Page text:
Cape Female Athletes Honored by MIAA in Boston for National Women in Sports Day

BOSTON – Sturgis East High School sophomore and two-sport star Emily Rodricks was honored by the Massachusetts Interscholastic Athletic Association today along with 10 other Cape Cod female high school athletes as part of National Girls & Women in Sports Day at Fanueil Hall.

Eleven Cape Cod high school female student-athletes were honored today by the MIAA as part of National Girls and Women in Sports Day at Fanueil Hall in Boston. Photo courtesy of Marian High School Athletics

Eleven Cape Cod high school female student-athletes were honored today by the MIAA as part of National Girls and Women in Sports Day at Fanueil Hall in Boston.
Photo courtesy of Marian High School Athletics

Rodricks’s essay entitled “Game On” about being the #1 golfer on an all-male (except for her) varsity golf team as a freshman, took third place honors in the MIAA’s 8th Annual Girls and Women in Sport Essay Contest. Rodricks is a  basketball and golf athlete for the Sturgis East Storm.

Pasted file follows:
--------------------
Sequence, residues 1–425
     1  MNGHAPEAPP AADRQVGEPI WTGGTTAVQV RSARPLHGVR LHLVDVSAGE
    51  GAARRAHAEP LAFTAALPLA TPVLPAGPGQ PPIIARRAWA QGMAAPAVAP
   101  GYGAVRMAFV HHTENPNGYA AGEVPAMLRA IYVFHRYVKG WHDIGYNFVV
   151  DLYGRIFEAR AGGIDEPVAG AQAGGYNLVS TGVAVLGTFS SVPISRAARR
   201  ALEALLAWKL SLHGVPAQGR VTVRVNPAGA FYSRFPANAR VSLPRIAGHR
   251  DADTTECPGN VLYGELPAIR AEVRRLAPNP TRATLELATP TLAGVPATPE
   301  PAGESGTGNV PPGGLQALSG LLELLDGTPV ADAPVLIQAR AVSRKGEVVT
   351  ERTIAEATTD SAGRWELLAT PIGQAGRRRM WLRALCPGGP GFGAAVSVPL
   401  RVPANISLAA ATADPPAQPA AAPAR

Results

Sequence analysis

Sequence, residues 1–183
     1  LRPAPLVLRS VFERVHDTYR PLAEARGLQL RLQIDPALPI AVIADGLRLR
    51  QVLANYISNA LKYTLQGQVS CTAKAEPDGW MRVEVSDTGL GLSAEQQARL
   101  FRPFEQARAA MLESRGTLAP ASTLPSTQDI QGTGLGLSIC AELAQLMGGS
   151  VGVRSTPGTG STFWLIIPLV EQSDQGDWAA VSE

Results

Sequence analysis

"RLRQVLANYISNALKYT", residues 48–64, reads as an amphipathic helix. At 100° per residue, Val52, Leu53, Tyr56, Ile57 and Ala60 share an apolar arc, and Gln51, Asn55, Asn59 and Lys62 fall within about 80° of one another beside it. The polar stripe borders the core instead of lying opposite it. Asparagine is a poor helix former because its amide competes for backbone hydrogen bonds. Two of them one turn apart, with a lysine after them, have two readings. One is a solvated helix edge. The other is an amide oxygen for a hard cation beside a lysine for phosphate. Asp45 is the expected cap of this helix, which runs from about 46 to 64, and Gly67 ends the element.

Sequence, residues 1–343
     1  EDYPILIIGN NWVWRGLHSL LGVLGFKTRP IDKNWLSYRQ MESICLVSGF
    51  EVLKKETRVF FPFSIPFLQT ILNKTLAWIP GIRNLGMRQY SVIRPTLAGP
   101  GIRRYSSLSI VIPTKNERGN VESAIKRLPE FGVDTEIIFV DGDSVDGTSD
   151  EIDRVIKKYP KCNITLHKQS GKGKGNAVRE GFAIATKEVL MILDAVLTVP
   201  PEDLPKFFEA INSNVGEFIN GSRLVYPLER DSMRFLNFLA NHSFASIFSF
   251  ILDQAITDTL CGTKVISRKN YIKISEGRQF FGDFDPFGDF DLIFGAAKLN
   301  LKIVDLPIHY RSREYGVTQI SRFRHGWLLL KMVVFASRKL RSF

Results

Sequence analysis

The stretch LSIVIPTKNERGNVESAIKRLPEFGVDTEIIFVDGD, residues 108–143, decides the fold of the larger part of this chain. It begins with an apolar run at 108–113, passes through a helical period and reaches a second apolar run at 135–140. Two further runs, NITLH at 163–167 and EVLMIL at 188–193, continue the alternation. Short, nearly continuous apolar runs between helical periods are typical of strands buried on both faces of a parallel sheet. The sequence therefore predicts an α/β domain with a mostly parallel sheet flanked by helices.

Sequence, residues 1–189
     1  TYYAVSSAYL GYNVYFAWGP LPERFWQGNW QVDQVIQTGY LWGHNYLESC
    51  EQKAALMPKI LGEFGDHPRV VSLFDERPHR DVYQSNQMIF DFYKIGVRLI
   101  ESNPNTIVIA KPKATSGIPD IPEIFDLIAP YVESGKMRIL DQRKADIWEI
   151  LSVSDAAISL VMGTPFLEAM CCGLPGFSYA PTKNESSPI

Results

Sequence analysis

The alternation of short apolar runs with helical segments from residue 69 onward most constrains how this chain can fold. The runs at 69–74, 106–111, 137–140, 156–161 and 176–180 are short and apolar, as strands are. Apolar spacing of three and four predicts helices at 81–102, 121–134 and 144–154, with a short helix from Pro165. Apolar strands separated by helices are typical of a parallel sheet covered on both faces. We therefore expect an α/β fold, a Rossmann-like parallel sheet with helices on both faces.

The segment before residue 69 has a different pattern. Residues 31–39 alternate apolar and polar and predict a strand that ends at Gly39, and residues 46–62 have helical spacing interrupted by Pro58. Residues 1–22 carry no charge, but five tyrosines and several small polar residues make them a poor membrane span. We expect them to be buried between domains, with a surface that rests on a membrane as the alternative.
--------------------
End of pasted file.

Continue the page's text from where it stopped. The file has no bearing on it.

Other Cape girls honored as part of 300 from across the state included Dennis-Yarmouth Regional High School’s Patricia “Patti” Newhard (field hockey, basketball, softball) and Natalie Reid (field hockey, ice hockey); Falmouth High School’s Meghan Burke (field hockey, winter track, spring track & field) and Alexa Johnson (soccer, basketball, track & field); Mashpee High School’s Samantha Fraser (field hockey, basketball, softball) and Alexandra Gumbert (field hockey, winter track, softball); Monomoy Regional High School’s Yasaelie Figueroa (field hockey, track & field) and Brenna McGill (field hockey) and Upper Cape Tech’s Krystle DiBona (soccer, basketball, softball) and Kristen Lewis (volleyball, lacrosse).

Fraser and Gumbert, both juniors at Mashpee High, traveled to the event with Mashpee High teaching assistant Christine DaLomba, a former Barnstable High and UMass-Lowell cross country and track star.

“It is well done and we have sent kids to it as long as I can remember,” said Mashpee High athletic director Matt Triveri.